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Chapter Twelve returns to Bruno and Shmuel's conversation from opposite sides of the fence. Chapter Ten had ended with Bruno's question to Shmuel: "Why are there so many people on that side of the fence? And what are you all doing there?" (115). Shmuel answers by explaining his experience. He lived with his mother, father, and his brother Josef in an apartment above his father's watchmaking store. One day, his mother was making armbands for the family with the Star of David on them, and she told him he had to wear his whenever he left the house. Bruno tells Shmuel that his father wears an armband, too - only Father's armband has the Nazi symbol on it, while Shmuel's family's armbands have the Star of David.
Shmuel goes on to tell Bruno about how he came to live at Out-With. His family was told they had to move to a different part of Cracow, all cramped in one room with another family. They were on the wrong side of a wall that the soldiers had built. Bruno doesn't believe that so many people could have lived in only one room, but he doesn't tell Shmuel that. There were eleven people total living in that room, including one of the sons from the other family, Luka, who Shmuel tells Bruno "kept hitting me even when I did nothing wrong" (129). Bruno relates that Gretel sometimes hits him, too, but Shmuel doesn't respond to his observation.
Shmuel tells Bruno that one day soldiers arrived and packed him and everyone living nearby into huge trucks. Lots of people hid from the soldiers, but Shmuel believes they were all eventually found. They were brought to a train, which Shmuel says "was horrible... there was no air to breathe. And it smelled awful" (129). Bruno tells him that he should have gotten on the train Bruno took, the one on the other side of the platform, but Shmuel says his train had no doors. Bruno doesn't believe him about that detail, either. Shmuel tells him that when they got off the train, they all had to walk to Out-With; Bruno counters that his family "had a car" (130). He cannot understand why Shmuel seems so sad, since "after all much the same thing had happened to him" (130).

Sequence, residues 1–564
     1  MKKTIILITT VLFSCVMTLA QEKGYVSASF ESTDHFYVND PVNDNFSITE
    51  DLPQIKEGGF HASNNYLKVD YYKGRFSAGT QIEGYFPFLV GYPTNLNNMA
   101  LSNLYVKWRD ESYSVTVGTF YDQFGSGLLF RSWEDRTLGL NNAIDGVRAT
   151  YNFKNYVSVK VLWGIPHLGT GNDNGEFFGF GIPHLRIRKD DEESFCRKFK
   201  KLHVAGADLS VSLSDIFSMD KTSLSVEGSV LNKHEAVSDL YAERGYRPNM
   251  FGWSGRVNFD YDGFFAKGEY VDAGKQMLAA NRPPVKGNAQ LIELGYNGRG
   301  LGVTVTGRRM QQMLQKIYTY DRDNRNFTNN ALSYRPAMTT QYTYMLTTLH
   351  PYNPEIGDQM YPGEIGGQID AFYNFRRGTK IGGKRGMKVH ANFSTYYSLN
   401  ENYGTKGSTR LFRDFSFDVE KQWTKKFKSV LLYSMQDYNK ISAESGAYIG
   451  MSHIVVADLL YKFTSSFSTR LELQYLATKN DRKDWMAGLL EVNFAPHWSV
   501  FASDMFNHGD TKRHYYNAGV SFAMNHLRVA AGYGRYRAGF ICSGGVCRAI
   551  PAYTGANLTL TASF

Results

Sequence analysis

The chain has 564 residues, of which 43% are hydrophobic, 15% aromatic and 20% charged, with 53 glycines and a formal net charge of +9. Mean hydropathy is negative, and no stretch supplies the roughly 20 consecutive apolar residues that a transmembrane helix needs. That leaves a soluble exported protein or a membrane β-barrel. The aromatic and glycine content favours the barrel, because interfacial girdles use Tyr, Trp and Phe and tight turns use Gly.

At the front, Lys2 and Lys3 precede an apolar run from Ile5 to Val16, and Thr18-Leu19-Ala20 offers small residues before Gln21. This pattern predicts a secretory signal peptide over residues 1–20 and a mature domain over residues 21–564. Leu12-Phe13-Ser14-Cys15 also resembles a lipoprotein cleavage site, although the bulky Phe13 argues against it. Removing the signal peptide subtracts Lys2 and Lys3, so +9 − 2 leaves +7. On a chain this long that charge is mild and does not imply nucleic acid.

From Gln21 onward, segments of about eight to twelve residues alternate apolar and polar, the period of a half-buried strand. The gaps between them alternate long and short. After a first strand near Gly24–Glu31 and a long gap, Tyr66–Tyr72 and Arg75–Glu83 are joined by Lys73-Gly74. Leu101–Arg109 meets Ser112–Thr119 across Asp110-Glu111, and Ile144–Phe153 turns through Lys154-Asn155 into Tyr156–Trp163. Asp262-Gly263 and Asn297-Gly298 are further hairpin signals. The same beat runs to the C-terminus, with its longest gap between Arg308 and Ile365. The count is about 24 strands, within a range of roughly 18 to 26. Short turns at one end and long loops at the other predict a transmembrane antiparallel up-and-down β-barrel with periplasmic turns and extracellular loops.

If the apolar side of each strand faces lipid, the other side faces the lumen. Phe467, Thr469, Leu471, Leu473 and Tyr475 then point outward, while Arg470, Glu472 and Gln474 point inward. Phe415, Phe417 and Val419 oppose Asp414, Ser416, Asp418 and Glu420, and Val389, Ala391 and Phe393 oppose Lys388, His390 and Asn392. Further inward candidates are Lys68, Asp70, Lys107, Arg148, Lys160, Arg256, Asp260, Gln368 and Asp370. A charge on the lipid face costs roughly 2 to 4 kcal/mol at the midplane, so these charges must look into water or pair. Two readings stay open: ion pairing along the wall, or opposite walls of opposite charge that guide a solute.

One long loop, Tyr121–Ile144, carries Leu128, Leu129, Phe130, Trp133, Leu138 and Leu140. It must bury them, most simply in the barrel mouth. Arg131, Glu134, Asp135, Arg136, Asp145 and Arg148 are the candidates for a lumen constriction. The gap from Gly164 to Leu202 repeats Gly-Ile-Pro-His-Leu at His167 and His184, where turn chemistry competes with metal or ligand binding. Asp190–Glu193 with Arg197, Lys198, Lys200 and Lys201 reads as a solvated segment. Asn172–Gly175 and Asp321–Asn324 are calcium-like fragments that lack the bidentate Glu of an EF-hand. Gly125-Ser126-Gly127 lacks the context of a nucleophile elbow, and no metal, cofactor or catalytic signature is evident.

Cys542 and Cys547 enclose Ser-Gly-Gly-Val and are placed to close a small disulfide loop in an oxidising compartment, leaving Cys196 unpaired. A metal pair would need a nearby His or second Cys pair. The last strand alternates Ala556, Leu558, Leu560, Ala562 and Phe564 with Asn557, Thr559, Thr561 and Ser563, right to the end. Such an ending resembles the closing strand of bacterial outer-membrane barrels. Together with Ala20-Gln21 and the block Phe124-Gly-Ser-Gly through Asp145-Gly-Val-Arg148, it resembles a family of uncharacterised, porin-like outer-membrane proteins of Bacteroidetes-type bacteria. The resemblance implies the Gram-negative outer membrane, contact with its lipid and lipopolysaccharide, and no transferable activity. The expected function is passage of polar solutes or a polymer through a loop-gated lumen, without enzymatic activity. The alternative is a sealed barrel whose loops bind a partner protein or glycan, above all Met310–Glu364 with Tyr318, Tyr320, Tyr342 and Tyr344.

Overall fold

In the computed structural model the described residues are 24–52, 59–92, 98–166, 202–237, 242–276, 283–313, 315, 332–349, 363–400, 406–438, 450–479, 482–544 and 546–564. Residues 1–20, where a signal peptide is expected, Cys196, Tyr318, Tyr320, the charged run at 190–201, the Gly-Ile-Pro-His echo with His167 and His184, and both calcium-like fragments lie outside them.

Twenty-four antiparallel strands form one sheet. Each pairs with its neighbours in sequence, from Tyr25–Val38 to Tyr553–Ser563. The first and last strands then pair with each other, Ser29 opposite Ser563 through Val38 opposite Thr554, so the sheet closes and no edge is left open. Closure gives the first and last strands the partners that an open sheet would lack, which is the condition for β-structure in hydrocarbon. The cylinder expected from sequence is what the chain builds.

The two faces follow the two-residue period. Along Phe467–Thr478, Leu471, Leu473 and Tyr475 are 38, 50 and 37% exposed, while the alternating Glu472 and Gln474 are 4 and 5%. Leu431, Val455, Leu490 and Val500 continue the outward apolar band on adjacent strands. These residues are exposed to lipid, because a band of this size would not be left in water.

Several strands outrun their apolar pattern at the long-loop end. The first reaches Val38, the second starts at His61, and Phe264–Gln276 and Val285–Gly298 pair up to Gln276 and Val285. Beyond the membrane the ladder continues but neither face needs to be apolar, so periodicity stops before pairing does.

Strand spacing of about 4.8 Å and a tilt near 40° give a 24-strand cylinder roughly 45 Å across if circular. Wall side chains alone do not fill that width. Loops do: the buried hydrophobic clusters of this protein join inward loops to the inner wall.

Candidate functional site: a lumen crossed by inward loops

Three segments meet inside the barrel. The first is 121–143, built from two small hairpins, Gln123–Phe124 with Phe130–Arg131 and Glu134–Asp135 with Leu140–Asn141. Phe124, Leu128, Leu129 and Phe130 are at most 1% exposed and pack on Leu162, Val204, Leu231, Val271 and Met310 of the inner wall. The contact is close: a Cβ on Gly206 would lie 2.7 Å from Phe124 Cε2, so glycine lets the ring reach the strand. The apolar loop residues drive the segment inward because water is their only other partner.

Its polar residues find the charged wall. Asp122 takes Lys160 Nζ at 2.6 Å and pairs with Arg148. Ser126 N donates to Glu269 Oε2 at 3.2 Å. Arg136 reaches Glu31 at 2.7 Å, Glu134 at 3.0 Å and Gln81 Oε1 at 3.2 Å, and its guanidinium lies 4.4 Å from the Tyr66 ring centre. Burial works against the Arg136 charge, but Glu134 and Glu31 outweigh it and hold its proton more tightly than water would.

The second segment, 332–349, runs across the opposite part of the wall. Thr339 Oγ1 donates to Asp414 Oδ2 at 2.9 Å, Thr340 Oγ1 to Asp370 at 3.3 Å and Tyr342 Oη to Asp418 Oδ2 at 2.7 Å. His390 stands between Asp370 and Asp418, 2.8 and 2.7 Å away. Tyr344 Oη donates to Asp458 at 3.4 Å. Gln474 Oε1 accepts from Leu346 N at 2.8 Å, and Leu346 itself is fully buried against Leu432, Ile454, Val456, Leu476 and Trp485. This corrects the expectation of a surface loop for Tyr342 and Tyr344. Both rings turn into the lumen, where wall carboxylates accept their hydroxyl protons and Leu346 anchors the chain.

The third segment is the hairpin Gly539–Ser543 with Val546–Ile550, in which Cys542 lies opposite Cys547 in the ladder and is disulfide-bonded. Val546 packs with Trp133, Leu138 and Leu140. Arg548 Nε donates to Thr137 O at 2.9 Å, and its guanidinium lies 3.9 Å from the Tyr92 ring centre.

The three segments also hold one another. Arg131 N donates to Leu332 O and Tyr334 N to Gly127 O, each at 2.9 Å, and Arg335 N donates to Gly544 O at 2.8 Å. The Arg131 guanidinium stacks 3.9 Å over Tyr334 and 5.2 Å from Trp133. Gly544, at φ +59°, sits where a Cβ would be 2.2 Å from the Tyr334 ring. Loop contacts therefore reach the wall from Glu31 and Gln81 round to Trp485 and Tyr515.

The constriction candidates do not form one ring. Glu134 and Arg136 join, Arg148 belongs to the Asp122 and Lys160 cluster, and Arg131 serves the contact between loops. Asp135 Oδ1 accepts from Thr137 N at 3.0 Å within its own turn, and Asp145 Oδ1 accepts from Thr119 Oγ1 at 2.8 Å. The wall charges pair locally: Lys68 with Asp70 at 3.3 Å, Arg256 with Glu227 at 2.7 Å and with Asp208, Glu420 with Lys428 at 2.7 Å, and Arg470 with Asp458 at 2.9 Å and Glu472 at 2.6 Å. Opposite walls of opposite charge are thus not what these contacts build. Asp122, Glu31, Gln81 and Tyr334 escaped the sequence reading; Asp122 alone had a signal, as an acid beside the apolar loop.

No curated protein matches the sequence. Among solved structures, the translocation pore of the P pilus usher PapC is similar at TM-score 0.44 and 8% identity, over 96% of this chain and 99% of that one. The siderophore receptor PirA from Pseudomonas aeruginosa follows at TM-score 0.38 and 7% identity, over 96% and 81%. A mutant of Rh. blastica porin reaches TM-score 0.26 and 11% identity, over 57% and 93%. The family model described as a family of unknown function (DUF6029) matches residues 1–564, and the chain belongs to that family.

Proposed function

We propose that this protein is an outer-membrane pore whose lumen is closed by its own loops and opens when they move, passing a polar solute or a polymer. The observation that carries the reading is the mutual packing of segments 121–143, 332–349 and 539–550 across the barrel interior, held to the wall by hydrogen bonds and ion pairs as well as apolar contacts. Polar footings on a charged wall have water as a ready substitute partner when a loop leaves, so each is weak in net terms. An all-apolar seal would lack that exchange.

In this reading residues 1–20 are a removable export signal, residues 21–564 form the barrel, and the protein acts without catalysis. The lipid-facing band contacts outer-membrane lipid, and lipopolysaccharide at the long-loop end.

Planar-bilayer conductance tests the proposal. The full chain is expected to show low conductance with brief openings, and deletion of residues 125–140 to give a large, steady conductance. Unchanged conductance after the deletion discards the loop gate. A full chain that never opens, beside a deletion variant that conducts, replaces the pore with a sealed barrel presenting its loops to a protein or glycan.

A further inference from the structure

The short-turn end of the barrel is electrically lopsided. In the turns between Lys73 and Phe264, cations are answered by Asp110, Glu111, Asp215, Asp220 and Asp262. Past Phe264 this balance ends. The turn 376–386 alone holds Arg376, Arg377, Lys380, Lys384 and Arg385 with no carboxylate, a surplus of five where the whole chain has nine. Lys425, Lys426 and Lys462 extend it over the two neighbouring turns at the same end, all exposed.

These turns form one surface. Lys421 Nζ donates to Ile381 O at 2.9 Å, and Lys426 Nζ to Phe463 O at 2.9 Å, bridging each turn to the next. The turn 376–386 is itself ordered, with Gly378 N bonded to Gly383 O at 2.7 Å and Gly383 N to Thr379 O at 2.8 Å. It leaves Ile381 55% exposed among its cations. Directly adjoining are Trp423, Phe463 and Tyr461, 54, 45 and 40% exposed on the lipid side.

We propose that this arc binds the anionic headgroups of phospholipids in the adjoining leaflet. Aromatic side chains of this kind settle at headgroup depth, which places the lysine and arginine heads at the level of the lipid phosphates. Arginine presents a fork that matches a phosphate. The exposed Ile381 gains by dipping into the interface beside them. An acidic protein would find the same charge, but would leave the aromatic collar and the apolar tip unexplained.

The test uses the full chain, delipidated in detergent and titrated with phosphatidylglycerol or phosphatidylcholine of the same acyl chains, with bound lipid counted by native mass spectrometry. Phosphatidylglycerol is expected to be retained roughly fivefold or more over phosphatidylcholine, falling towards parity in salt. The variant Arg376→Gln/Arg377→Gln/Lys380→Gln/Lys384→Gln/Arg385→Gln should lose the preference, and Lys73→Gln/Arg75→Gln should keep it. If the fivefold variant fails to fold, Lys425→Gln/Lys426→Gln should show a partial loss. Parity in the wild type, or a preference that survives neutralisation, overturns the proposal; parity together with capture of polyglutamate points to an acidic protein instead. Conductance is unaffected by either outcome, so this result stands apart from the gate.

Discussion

Shmuel tells Bruno that there are hundreds of other boys on his side of the fence, and Bruno reiterates his feeling that it is unfair for him to have no one to play with on his side. Shmuel tells him they don't play, and this surprises Bruno. Shmuel asks Bruno if he has any food and Bruno tells him that he had meant to bring chocolate, but forgot. Bruno tells him that dinner isn't served until half-past six, and invites Shmuel to come have dinner with his family sometime. When Shmuel doesn't return the invitation, Bruno suggests that perhaps he could come under the fence to visit with Shmuel and his friends. Shmuel becomes nervous and tells Bruno he has to go back because he'll be in trouble if they catch him. Bruno shouts after him that he'll be back tomorrow, and sets off for home. He decides to keep his new friend a secret from his family, since he doesn't want to be told he can't see Shmuel anymore.
Sorry it's typo, but is chapter 10
The question is answered in Chapter Twelve and asked in Chapter Ten. You actually used the correct wording.